Why pursue the wise life?

The work of Jesus reconciles us to a God who desires to rule and have his rule known in every facet of our lives (Deut 6:4-9).  This means that our faith is not a faith that becomes obsolete at the door of church or small group, nor is it a faith that is only active when we are explicitly speaking about Jesus.  This is what biblical wisdom is about, the skills for living in a manner that gives full expression to the gospel in every facet of life.

Why live a wise life?

King Solomon’s wisdom on display:
Giovanni Battista Tiepolo, 1726-29

1. The wise life benefits us.  When we pursue biblical wisdom, our lives become focused, vibrant, and life-giving (Prov 8:12-21; 32-36).  Wisdom does not solve all of our problems, but it does equip us to confront and reflect on those problems in an faithful and effective manner. N.B. Most of biblical wisdom pertains to developing and nurturing healthy personal relationships.


2. The wise life benefits others. Wisdom is like an anchor which stabilizes you in the currents of life’s difficulties (Prov 13:20; 27:10-11).  When a person is anchored in wisdom, other people will sense the stability and perspective that comes as a result of that anchor, and they will be drawn to it. Most Christians can personally attest to the influence of a parent, a teacher, a pastor or a friend who exhibited wisdom in their lives.  The modern-day sages seemed different, and people sought them out for that reason, to get their advice and listen to what they had to say. Wisdom is like an anchor.  The stability it provides refreshes those who experience it, and it makes them yearn for more.


3. The wise life creates harmony in the world.  The Scriptures teach that wisdom was interwoven into the creation itself (Prov 8:22-31; cf. 6:6; 30:24-28).  When God created the heavens and the earth he injected wisdom into the elements of the creation that he was making. He formed the earth according to his wisdom.  The person who lives wisely is a person who is attuned to wisdom that infiltrates and supports the work of creation. That means that the wise life is the cosmically best-suited life for this world.

When you live wisely, you aren’t just living in a way that is morally good and beneficial, but you are living in the way that humans were meant to live, the way that they were created to live. In fact, it is the way in which you have been empowered to live by Jesus who is the king-sage “greater than Solomon” (Matt 12:42) through the “spirit of wisdom” (Eph 1:17).

4. The wise life brings glory to God. Living wisely means living out the “fear of the Lord” (Prov 1:7) in a worshipful way.  Wisdom is not a coldly calculated system engineered to bring about a desired result, but rather it is living in harmony with the Creator and the creation he has woven together according to his own wisdom. When we pursue wisdom, we honor our wise king Jesus, we proclaim the wisdom he displayed on the cross (1 Cor 1:18-31), and we glorify the wisdom of the Creator.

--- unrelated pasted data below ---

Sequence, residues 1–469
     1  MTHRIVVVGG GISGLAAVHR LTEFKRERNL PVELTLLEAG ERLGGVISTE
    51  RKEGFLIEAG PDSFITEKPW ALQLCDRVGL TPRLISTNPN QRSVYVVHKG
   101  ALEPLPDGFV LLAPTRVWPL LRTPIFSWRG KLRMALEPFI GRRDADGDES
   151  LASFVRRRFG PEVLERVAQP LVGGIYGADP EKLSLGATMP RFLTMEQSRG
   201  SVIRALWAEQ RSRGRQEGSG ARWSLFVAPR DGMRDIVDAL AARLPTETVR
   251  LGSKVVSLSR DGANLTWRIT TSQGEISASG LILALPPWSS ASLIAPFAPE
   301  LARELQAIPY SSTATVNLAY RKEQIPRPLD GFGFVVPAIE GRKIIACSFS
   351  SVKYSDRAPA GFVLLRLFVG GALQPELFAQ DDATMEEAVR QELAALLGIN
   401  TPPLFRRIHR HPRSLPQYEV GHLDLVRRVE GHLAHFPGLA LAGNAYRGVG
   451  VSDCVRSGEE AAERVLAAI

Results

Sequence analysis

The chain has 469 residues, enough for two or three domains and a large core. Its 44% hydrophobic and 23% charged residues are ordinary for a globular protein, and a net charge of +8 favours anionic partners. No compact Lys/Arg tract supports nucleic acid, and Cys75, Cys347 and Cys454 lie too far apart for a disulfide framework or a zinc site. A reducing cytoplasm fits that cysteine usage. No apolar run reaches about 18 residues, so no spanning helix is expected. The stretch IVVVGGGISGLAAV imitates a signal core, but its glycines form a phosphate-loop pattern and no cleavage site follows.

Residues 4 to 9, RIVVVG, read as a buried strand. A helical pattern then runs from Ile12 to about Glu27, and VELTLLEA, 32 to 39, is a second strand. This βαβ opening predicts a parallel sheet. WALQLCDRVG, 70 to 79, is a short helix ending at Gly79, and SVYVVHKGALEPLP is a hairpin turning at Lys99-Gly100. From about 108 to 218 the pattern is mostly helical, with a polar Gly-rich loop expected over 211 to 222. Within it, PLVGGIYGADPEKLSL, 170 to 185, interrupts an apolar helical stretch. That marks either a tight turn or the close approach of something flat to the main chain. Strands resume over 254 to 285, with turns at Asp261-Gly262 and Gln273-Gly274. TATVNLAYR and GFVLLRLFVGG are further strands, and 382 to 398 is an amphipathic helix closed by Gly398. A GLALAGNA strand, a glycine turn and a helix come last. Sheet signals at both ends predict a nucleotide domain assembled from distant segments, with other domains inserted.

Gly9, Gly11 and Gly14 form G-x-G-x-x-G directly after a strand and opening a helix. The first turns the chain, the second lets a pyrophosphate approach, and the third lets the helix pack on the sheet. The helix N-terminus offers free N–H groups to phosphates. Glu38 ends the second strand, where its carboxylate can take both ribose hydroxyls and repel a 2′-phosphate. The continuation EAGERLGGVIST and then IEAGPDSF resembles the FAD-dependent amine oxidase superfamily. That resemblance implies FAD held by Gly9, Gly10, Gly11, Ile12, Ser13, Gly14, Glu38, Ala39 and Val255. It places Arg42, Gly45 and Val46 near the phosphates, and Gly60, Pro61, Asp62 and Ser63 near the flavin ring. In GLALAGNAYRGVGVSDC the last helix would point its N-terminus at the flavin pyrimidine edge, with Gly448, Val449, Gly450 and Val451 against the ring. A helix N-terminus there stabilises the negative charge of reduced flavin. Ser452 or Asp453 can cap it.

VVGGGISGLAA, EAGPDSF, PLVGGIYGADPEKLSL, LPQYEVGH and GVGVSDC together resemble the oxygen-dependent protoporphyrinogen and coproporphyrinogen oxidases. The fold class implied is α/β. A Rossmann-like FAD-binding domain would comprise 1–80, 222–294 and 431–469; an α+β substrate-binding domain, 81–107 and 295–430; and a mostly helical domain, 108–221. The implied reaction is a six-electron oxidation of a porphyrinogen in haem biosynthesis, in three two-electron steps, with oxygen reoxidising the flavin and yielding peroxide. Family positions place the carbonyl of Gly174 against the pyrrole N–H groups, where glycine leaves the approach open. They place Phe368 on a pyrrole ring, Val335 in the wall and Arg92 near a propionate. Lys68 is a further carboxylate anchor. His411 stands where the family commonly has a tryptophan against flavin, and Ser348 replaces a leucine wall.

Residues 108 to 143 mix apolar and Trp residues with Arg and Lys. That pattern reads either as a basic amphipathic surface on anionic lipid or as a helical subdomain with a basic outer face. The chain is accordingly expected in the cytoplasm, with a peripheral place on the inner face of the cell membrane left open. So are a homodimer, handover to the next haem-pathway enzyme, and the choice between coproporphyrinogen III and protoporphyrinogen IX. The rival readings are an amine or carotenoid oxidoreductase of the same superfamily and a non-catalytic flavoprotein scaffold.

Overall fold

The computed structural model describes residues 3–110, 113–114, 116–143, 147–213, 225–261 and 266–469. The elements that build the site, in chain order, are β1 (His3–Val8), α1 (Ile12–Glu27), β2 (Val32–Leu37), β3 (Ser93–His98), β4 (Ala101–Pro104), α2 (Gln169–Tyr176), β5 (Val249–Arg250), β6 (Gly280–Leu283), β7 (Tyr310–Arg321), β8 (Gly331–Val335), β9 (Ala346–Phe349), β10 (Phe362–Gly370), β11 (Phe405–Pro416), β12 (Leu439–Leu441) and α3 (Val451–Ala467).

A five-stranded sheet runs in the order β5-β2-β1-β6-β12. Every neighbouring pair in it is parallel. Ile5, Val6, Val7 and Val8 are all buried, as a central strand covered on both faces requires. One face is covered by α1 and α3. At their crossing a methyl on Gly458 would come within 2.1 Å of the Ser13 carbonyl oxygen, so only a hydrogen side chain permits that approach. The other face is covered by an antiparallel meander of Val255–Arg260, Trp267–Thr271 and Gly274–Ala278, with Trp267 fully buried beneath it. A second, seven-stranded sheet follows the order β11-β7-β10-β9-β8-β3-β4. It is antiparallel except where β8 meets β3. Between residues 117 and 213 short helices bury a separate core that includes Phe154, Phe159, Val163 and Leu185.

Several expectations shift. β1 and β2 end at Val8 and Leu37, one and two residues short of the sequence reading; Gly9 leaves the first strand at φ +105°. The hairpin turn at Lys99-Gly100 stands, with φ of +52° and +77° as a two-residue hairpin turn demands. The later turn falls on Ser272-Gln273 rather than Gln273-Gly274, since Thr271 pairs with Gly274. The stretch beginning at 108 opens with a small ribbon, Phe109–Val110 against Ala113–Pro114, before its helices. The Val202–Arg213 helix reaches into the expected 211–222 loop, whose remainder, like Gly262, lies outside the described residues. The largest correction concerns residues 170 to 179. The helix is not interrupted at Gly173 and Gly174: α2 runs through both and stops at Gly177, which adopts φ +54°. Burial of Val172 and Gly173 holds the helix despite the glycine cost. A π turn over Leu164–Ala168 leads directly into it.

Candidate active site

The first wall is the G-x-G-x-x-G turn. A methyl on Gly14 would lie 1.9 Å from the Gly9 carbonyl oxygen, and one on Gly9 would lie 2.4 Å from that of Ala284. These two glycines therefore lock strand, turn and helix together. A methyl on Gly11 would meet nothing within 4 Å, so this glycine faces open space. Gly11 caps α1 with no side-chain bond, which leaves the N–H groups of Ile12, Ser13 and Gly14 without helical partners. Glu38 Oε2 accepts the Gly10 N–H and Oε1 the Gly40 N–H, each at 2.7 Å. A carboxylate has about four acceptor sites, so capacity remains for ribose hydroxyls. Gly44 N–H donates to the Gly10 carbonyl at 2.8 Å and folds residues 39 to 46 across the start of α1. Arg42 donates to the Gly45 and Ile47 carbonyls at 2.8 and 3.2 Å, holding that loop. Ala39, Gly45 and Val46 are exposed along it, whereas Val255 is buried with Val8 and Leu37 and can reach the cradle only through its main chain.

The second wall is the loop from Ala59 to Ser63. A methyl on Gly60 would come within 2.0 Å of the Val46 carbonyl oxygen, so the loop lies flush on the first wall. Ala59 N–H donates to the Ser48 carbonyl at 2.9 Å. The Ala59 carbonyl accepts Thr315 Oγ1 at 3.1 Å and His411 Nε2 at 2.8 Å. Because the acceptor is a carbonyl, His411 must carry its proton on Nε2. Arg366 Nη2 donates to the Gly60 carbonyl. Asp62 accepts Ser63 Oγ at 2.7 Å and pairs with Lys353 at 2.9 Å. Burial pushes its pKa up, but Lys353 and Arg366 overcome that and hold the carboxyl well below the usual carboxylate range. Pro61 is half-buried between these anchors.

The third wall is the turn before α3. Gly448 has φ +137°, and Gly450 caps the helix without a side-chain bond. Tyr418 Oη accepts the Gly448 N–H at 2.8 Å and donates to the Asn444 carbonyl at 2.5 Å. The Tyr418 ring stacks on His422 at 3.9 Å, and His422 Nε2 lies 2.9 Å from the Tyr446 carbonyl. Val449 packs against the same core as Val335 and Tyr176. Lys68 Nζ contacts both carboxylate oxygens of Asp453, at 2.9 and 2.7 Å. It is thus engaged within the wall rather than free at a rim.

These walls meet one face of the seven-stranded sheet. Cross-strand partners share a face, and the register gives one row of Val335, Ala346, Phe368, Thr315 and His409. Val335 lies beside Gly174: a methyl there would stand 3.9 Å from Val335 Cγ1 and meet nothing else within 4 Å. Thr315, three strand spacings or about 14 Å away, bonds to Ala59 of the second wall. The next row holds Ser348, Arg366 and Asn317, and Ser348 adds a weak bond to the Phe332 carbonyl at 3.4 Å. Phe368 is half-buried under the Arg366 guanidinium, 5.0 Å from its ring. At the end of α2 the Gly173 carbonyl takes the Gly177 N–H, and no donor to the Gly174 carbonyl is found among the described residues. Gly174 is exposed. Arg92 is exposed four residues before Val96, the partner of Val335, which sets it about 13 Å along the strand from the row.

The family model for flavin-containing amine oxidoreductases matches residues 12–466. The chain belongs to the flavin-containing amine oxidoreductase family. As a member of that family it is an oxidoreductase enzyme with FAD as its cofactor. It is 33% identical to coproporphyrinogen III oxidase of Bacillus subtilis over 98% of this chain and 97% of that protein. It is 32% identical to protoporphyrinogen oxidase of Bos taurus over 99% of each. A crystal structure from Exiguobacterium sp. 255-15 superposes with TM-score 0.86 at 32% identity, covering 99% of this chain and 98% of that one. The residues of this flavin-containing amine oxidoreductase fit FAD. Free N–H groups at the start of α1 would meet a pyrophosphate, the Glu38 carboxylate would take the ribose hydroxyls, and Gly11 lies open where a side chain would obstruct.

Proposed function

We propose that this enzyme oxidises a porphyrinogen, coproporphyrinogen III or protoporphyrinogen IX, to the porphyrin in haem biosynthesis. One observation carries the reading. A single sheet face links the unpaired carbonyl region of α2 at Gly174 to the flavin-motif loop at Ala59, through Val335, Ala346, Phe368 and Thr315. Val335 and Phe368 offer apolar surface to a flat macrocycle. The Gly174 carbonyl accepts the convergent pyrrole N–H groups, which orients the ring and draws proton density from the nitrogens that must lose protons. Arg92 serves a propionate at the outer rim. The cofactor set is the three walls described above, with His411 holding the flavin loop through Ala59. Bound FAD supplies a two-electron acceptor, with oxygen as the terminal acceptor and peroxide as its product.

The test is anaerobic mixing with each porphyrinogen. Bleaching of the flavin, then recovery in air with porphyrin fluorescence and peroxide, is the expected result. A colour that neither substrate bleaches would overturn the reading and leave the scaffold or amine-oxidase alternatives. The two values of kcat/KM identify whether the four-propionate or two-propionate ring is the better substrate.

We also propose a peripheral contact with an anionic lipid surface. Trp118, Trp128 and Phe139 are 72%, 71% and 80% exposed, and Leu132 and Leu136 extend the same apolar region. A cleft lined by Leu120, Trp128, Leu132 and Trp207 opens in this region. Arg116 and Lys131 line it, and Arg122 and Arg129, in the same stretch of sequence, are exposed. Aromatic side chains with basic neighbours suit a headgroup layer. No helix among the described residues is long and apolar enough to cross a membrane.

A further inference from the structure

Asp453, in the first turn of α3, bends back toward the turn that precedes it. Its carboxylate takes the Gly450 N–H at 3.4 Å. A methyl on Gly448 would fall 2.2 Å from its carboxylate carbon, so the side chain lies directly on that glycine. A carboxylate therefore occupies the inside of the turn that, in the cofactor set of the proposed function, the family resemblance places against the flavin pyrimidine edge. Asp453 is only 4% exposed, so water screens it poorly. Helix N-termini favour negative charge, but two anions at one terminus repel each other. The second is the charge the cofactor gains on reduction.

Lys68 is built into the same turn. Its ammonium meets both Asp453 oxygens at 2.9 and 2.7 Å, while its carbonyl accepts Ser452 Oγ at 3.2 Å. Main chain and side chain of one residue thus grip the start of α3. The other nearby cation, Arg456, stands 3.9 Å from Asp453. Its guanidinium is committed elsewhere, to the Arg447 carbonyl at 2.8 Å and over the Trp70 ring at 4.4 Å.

Moving Forward

The Literature: which books in the Bible are wisdom books?

Proverbs, Ecclesiastes, Job and certain Psalms, though wisdom teachings appear in a variety of Old and New Testament writings.

The Teachers: Who wrote Wisdom Literature and Why

The greatest author of Old Testament wisdom literature known in the Bible is King Solomon. He was, after all, gifted with the divine wisdom by God himself (1 Kings 4:29). Many of the proverbs are attributed to Solomon, and the book of Ecclesiastes is attributed to an author who seems to be similar to, if not identified with, Solomon. 

There are also other sages who are credited with writing some of the Bible Wisdom literature. Agur is one such sage (Proverbs 30), and another passage is credited to King Lemuel’s mother (Proverbs 31).  Sages were thought to have gained wisdom through the teaching of traditional wisdom schools as well as through the observance of the world around them.  As we mentioned above, wisdom was thought to be interwoven into the fabric of creation, so it was through studying creation that wisdom teaching was uncovered.

The teaching of the sages was passed through the generations of Israelites, teacher to student, father and mother to son and daughter.  This was a family exercise, which is why several teaching sections begin, “hear my son” or “listen to the words of your father and mother.” 

While wisdom may have been taught in schools, it was also apparently the responsibility of the parent to teach wisdom to the children.  The older taught the younger and so the wisdom tradition was passed down through the generations.  The wisdom books that we read now are collections of the teachings of the sages.

The Method: How Was Wisdom taught?

There is a good bit of emphasis on the steady hearing and reciting of the wisdom teachings.  The students were encouraged to write wisdom on their hearts (Prov 3:3; 7:3). This meant that they were supposed to desire wisdom, to want it in their lives, to value it more than worldly things like wealth or power.  The way that they would do this was by memorizing the sayings of the wise.  The proverbs are written in a way that makes them easy to memorize, especially if you read them in the Hebrew.  They employ similar sounds, many of them rhyme, and they follow a somewhat predictable structure of comparing and contrasting two or more things in order to make a point about the wise life.


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